Failure of low-dose heparin to prevent significant thromboembolic complications in high-risk surgical patients: interim report of prospective trial. Groote Schuur Hospital Thromboembolus Study Group.Br Med J 1979; 1 doi: https://doi.org/10.1136/bmj.1.6176.1447 (Published 02 June 1979) Cite this as: Br Med J 1979;1:1447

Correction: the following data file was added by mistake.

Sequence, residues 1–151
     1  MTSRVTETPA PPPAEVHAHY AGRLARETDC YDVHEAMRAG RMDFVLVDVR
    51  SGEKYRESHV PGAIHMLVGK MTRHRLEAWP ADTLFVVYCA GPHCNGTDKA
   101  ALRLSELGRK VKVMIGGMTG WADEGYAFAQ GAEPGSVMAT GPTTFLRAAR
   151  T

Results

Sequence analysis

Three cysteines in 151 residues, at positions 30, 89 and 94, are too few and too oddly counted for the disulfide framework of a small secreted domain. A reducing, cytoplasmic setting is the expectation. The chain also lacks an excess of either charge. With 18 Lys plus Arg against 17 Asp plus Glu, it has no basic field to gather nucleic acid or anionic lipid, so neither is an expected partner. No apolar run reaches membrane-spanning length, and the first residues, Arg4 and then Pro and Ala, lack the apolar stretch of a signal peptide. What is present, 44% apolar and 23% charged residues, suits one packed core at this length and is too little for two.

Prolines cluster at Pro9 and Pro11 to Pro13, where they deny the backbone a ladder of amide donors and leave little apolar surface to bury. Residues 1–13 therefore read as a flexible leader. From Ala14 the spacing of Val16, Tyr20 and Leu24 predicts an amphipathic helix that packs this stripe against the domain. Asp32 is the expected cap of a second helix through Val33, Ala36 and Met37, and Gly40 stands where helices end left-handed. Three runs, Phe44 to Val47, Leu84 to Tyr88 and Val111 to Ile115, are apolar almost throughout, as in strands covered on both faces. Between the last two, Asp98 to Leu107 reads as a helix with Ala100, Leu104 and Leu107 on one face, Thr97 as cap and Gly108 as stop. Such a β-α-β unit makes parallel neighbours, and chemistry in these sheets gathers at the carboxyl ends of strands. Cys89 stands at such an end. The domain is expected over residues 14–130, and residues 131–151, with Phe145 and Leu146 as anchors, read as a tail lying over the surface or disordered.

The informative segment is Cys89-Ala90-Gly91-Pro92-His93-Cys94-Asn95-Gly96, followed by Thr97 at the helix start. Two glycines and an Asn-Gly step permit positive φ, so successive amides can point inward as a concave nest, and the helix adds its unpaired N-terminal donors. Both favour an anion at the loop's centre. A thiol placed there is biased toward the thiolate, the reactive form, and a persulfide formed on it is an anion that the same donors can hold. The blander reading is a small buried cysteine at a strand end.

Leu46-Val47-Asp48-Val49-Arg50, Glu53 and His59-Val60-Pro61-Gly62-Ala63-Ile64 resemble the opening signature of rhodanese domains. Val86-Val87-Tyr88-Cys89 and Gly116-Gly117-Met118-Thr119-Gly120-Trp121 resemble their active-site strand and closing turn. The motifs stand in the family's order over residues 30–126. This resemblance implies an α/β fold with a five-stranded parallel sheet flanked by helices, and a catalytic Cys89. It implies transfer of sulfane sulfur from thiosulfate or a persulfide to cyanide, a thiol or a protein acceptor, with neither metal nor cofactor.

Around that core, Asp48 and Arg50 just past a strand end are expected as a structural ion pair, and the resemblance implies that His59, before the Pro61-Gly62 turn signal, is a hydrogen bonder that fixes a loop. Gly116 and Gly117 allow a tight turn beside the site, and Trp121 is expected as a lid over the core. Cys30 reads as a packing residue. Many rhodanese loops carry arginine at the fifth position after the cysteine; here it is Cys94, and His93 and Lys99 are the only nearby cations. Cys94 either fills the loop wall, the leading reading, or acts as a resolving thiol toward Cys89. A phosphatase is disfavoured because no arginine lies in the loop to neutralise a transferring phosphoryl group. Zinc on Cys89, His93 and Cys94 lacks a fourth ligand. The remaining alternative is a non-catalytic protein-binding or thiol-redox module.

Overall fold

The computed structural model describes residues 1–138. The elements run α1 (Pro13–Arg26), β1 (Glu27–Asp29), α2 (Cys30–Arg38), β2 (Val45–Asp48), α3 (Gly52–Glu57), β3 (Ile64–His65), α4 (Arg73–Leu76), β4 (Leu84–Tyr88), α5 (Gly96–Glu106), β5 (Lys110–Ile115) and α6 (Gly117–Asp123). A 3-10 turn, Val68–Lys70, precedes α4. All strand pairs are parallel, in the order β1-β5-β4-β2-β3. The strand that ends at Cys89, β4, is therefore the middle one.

The efficacy of low-dose subcutaneous heparin (5000 IU eight-hourly) is being studied in a single-centre, prospective randomised trial of patients aged over 40 submitted to major elective intra-abdominal surgery. The trial end-points are the objectively defined incidence and extent of deep vein thrombosis (as seen on uptake of 125I-labelled fibrinogen, Doppler ultrasonography, and bilateral ascending phlebography) and non-fatal pulmonary embolus (as measured by preoperative spirometry and preoperative and postoperative chest radiography and perfusion lung scanning performed on a routine, unselected basis). An interim analysis of the first 200 patients indicates that low-dose heparin significantly reduces the incidence of calf-vein thrombosis but does not reduce the incidence of proximal segment thrombosis or non-fatal pulmonary embolism. Thus the routine use of low-dose heparin prophylaxis in all major surgical procedures in patients aged over 40 may not be advisable.